BLOOMINGTON, Ind.—While social distancing measures have helped the U.S. ‘flatten the curve,’ they have presented a formidable challenge to vulnerable groups who cannot afford to lose their jobs and quarantine at home. With millions of Americans out of work and unable to pay their utilities—particularly their electric bills— the resulting energy insecurity will have longstanding and negative health effects across the nation unless urgent action is taken, according to a new article in Nature Energy.
The piece, “COVID-19 Assistance Needs to Target Energy Insecurity,” was co-authored by Indiana University O’Neill School of Public and Environmental Affairs Professor Sanya Carley and doctoral student Michelle Graff and was published today (May 1).
The researchers noted that certain socioeconomic demographic groups such as low-income, elderly, and renting households and households of color pay a higher percentage of their income on energy than the average U.S. household.
Many of the jobs lost to the current COVID-19 pandemic are in service and retail, production, food services, health care, construction, and social assistance. Because much of this population lives paycheck to paycheck, a lack of income will make paying rent a financial hurdle, and stocking up on food or paying energy bills may be impossible.
“While the federal and state governments have taken some action to alleviate the inevitable growth of energy insecurity in the U.S., more is needed,” the authors conclude. “Failure by federal, state, and local levels of government to recognize—and thereafter prioritize—energy security in their forthcoming legislative efforts to help U.S. households navigate the COVID-19 pandemic will likely result in more negative health outcomes. For these reasons, we encourage all levels of government to promptly allocate resources to help Americans keep their lights on during the pandemic and without having to face irrecoverable debt as a result.”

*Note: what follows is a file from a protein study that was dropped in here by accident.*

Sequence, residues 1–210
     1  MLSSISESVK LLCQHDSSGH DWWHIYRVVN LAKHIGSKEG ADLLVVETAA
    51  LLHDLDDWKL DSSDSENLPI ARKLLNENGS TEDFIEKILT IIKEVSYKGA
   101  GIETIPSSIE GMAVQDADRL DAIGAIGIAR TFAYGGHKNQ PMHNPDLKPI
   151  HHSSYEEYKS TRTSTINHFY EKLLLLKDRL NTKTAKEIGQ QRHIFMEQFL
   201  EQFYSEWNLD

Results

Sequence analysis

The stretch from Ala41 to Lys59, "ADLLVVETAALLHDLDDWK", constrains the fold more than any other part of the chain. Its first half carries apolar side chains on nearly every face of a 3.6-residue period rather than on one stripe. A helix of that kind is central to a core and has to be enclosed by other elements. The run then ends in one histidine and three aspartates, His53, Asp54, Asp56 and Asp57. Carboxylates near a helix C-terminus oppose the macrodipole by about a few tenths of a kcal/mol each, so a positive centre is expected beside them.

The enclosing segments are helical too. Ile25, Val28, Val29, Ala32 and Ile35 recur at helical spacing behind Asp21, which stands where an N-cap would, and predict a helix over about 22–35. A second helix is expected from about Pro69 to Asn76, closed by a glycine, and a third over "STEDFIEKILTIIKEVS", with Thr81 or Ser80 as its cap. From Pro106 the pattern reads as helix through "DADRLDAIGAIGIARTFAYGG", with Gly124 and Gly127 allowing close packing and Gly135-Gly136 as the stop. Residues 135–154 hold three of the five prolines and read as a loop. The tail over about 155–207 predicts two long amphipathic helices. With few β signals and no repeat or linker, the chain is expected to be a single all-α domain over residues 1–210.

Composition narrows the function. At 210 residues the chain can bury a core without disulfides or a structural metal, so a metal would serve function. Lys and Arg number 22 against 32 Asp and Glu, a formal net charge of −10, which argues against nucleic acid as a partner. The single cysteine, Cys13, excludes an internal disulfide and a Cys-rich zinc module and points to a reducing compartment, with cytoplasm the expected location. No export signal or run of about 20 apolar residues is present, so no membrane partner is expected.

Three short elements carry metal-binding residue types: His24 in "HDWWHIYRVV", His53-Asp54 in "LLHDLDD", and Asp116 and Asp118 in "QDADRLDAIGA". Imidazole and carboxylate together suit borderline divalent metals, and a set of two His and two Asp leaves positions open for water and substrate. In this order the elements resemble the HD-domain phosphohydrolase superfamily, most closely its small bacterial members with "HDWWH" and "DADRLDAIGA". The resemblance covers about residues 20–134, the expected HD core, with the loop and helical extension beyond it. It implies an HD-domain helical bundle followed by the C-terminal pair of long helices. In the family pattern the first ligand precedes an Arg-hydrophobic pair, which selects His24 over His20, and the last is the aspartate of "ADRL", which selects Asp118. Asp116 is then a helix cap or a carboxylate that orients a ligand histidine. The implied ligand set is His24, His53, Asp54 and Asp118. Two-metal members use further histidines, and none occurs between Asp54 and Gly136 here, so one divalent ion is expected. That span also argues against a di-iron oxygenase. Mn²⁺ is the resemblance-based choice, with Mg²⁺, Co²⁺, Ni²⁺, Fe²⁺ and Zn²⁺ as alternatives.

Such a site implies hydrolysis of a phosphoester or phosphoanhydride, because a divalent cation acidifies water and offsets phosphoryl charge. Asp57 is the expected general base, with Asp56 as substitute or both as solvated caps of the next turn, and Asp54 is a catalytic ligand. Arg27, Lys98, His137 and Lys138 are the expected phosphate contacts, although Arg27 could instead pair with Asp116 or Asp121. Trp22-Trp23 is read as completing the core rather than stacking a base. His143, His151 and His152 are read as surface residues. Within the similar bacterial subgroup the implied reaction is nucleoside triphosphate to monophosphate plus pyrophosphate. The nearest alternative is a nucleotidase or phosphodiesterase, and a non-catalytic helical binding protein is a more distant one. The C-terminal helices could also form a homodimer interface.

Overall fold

With stay-at-home orders in place across the country, energy usage has already increased substantially, and will likely increase even further as warmer months approach.
When citizens are unable to pay their energy bills, they often resort to unsafe and unhealthy behaviors, such as the use of payday lending, utilizing dangerous heating practices like burning trash or using space heaters, and making hard financial decisions about whether to pay utilities or buy necessities like food or medicine.
What can be done? Carley and Graff suggest a number of policy responses, including:
- Increased funding for the Low-Income Home Energy Assistance Program and expanding recipient eligibility from 150 percent of the federal poverty guidance to 200 percent for the 2020-21 program year;
- Taking steps to protect energy insecure citizens, through suspension of disconnection notices and ordering the reconnection of already disconnected households;
- Providing aid to fast-growing sectors of the economy, such as renewable energy and energy efficiency; and
- Higher financial support for the Weatherization Assistance Program to help low-income households increase their energy efficiency.
“The COVID-19 pandemic represents an unprecedented challenge for low-income populations, especially those that are already energy insecure,” Carley said. “Those that will be economically disadvantaged by COVD-19 are the same individuals that face potential or actual energy insecurity, and it is essential to provide rapid relief to these individuals.”
About the O’Neill School of Public and Environmental Affairs at Indiana University Bloomington
The O’Neill School is a world leader in public and environmental affairs and is the largest school of public administration and public policy in the United States. In the 2021 "Best Graduate Public Affairs Programs" by U.S. News & World Report, O’Neill ranks first in the country. Additionally, six of its specialty programs are ranked in the top-five listings, including the number one nonprofit management program.